Properties of Matter: Gases
Gases will fill a container of any size or shape evenly.
Gas is a state of matter that has no fixed shape and no fixed volume. Gases have a lower density than other states of matter, such as solids and liquids. There is a great deal of empty space between particles, which have a lot of kinetic energy and aren’t particularly attracted to one another. Gas particles move very fast and collide with one another, causing them to diffuse, or spread out until they are evenly distributed throughout the volume of the container.
According to the educational website Lumen Learning gas can only be contained by either being fully surrounded by a container or held together by gravity.
When more gas particles enter a container, there is less space for the particles to spread out, and they become compressed. The particles exert more force on the interior volume of the container. This force is called pressure. There are several units used to express pressure. Some of the most common are atmospheres (atm), pounds per square inch (psi), millimeters of mercury (mmHg) and pascals (Pa). The units relate to one another this way: 1 atm = 14.7 psi = 760 mmHg = 101.3 kPa (1,000 pascals).
Related: Greenhouse gases: Causes, sources and environmental effects
A gas can be converted to a liquid through compression at a suitable temperature, according to Purdue University. But if the critical temperature is reached, the vapor cannot be liquified regardless of how much pressure is applied. Critical pressure is the pressure needed to liquefy a gas at its critical temperature.
Examples of critical temperatures and pressure of different substances according to Engineering Toolbox
Measurable properties of gases
Besides pressure, denoted in equations as P, gases have other measurable properties: temperature (T), volume (V) and number of particles, which is expressed in a mole number (n or mol). In work involving gas temperature, the Kelvin scale is often used.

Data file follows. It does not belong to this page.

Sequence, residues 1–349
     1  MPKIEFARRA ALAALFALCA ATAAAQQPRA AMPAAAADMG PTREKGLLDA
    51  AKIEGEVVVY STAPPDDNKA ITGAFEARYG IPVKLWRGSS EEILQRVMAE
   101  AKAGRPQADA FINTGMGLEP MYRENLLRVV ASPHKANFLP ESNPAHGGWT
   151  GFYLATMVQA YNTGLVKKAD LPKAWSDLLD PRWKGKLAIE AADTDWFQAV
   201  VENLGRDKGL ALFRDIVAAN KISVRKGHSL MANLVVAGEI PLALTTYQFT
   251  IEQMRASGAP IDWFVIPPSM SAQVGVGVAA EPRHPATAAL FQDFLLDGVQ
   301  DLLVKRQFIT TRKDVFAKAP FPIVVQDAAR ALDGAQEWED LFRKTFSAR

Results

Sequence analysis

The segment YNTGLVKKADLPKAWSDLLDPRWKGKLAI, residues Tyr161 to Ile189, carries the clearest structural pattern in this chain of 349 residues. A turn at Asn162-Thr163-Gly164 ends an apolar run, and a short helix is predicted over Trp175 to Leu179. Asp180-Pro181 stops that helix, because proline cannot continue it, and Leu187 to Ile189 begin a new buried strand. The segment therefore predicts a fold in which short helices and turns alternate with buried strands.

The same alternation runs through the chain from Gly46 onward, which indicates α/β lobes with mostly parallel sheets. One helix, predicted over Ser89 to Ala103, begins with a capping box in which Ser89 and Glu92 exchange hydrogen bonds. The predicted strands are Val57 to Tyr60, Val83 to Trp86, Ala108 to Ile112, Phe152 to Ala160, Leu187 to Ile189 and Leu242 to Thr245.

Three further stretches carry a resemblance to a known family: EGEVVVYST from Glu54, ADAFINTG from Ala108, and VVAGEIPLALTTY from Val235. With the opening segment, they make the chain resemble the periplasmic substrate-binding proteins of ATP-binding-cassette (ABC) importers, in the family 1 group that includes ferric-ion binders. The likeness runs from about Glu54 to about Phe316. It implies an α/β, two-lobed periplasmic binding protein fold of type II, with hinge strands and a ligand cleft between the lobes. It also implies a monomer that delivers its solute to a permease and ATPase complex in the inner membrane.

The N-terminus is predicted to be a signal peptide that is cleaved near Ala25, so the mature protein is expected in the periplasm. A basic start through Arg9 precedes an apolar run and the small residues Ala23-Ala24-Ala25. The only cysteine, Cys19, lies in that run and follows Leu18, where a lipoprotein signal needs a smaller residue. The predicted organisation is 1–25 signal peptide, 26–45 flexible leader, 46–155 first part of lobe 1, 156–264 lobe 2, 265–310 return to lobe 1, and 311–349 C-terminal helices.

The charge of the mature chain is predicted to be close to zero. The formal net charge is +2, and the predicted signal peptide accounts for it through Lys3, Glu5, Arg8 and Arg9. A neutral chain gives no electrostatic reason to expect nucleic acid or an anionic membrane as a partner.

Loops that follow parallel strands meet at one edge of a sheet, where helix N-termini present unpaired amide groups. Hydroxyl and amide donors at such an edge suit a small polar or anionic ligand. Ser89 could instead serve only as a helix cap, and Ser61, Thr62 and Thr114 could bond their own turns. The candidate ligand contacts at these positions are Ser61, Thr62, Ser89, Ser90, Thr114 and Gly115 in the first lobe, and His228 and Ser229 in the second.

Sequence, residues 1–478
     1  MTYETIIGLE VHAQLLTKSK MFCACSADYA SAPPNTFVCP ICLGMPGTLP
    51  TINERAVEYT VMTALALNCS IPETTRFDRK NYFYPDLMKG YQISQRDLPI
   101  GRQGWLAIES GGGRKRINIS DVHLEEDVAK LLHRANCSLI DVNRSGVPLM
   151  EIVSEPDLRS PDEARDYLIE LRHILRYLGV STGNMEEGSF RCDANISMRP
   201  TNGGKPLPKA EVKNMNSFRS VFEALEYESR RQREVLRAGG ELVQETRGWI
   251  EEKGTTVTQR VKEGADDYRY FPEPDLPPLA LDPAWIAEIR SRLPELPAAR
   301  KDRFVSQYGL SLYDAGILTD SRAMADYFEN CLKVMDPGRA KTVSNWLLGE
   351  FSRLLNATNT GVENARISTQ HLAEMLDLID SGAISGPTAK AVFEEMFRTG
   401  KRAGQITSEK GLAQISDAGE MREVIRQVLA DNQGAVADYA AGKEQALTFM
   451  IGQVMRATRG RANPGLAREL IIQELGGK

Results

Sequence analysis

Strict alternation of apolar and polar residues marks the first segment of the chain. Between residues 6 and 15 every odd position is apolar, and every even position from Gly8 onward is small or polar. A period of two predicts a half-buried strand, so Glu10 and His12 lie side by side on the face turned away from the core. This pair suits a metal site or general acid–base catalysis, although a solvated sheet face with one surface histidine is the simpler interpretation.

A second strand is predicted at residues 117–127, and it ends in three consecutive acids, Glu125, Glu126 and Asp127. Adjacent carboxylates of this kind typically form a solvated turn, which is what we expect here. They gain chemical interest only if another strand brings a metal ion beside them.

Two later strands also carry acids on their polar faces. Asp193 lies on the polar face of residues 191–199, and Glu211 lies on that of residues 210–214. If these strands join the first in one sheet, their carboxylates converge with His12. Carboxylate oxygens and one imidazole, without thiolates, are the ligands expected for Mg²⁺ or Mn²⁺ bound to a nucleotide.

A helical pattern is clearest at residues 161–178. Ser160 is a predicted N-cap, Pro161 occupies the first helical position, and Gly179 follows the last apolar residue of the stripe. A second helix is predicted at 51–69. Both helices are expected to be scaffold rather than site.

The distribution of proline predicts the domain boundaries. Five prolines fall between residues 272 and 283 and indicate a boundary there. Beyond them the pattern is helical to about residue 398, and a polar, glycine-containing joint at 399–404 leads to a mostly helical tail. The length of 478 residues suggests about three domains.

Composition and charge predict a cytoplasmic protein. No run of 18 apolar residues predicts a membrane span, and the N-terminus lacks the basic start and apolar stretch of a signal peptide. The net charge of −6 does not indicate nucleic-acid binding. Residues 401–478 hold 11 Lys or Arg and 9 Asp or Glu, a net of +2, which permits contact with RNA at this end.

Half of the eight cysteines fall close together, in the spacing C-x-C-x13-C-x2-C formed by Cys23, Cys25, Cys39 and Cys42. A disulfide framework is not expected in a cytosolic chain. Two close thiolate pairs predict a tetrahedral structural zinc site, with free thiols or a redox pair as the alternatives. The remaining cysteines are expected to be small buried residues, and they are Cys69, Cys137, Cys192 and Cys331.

Because temperature and pressure vary from place to place, scientists use a standard reference point, called standard temperature and pressure (STP), in calculations and equations. Standard temperature is the freezing point of water — 32 degrees Fahrenheit (0 degrees Celsius, or 273.15 Kelvin). Standard pressure is one atmosphere (atm) — the pressure exerted by the atmosphere on Earth at sea level.
Temperature, pressure, amount and volume of a gas are interdependent, and many scientists have developed laws to describe the relationships among them.
Named after Robert Boyle, who first stated it in 1662. Boyle's law states that if the temperature is held constant, volume and pressure have an inverse relationship; that is, as volume increases, pressure decreases, according to the University of California, Davis' ChemWiki.
Increasing the amount of space available will allow the gas particles to spread farther apart, but this reduces the number of particles available to collide with the container, so pressure decreases.
Decreasing the volume of the container forces the particles to collide more often, so the pressure is increased. A good example of this is when you fill a tire with air. As more air goes in, the gas molecules get packed together, reducing their volume. As long as the temperature stays the same, the pressure increases.